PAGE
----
But having no experience can be better than having bad experience, which is what the Anaheim Ducks had (and sure enough, they coughed up another 3-2 series lead and lost another Game 7 at home). Patrick Kane famously said the Hawks were too “young and dumb” to feel the weight of the moment in 2010, and the Lightning have a similar feel to them. After beating arguably the two best goalies in the world — Montreal’s Carey Price and New York’s Henrik Lundqvist — in a row, it’s a safe bet Tampa Bay won’t shrink from the moment.
Quoteworthy:“You shine the light bright on our guys, and they’ll just put on sunglasses and walk right through it,” Lightning coach Jon Cooper said following a 2-0 Game 7 victory at Madison Square Garden. “It’s unreal howthey respond.”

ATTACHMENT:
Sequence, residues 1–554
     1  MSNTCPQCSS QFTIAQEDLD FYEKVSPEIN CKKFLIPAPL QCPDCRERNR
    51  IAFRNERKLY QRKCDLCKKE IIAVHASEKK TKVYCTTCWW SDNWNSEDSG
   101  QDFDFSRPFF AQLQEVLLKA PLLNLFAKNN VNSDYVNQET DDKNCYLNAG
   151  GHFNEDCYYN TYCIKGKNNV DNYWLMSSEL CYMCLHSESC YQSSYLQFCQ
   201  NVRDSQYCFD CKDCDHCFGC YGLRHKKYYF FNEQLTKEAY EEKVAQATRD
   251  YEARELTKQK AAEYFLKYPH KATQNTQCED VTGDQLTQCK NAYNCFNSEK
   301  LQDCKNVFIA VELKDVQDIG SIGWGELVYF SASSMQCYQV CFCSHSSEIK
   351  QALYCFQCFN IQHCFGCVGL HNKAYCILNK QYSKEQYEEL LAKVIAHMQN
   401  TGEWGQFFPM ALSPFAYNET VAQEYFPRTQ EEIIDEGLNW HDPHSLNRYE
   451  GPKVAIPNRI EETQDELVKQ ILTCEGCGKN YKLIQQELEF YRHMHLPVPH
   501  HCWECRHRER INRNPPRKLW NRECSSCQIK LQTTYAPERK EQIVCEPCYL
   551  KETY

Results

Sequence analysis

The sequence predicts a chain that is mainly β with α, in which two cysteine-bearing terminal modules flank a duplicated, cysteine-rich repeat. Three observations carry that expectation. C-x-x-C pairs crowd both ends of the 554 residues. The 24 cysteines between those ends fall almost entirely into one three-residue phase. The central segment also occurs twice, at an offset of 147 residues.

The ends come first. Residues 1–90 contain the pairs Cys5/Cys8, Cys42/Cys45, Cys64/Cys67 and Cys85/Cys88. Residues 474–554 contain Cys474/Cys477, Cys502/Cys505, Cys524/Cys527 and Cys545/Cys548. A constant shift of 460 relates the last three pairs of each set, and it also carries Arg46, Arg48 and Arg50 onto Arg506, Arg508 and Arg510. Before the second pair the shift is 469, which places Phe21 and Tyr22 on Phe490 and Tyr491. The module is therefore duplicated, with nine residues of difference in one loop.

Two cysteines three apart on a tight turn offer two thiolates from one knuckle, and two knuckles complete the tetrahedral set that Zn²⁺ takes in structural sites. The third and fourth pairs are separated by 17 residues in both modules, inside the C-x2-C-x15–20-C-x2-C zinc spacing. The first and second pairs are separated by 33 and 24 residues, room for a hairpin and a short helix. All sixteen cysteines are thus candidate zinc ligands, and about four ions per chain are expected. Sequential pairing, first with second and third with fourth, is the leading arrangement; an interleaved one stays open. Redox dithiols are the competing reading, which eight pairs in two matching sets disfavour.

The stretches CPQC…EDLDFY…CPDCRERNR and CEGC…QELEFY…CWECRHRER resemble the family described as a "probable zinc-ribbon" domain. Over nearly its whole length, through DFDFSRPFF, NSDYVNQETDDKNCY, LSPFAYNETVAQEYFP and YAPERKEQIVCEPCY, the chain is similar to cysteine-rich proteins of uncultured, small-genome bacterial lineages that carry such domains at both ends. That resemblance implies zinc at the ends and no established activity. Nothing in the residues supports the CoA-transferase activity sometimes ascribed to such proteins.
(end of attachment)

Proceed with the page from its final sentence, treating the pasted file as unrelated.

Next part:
Nuke the nuclear option?
Noteworthy:In 2013, Joel Quenneville put Jonathan Toews and Kane on a line together in Game 4 against Los Angeles in the conference final, and it worked like gangbusters, snapping Kane out of a prolonged slump and springboarding him to the Conn Smythe. But when the Stanley Cup Final opened against Boston, Quenneville split them back up for three games, and the Hawks scored just one goal in Games 2 and 3 combined. He then reunited them again in Game 4. In that span, the Hawks went 5-0 with Toews and Kane on the same line, and 1-2 without them. So will Quenneville go back to his preferred lineup — Toews on the top line with Hossa, Kane on the second line with Brad Richards — to start this year’s Final? Or will he stick with his dynamic duo alongside Brandon Saad?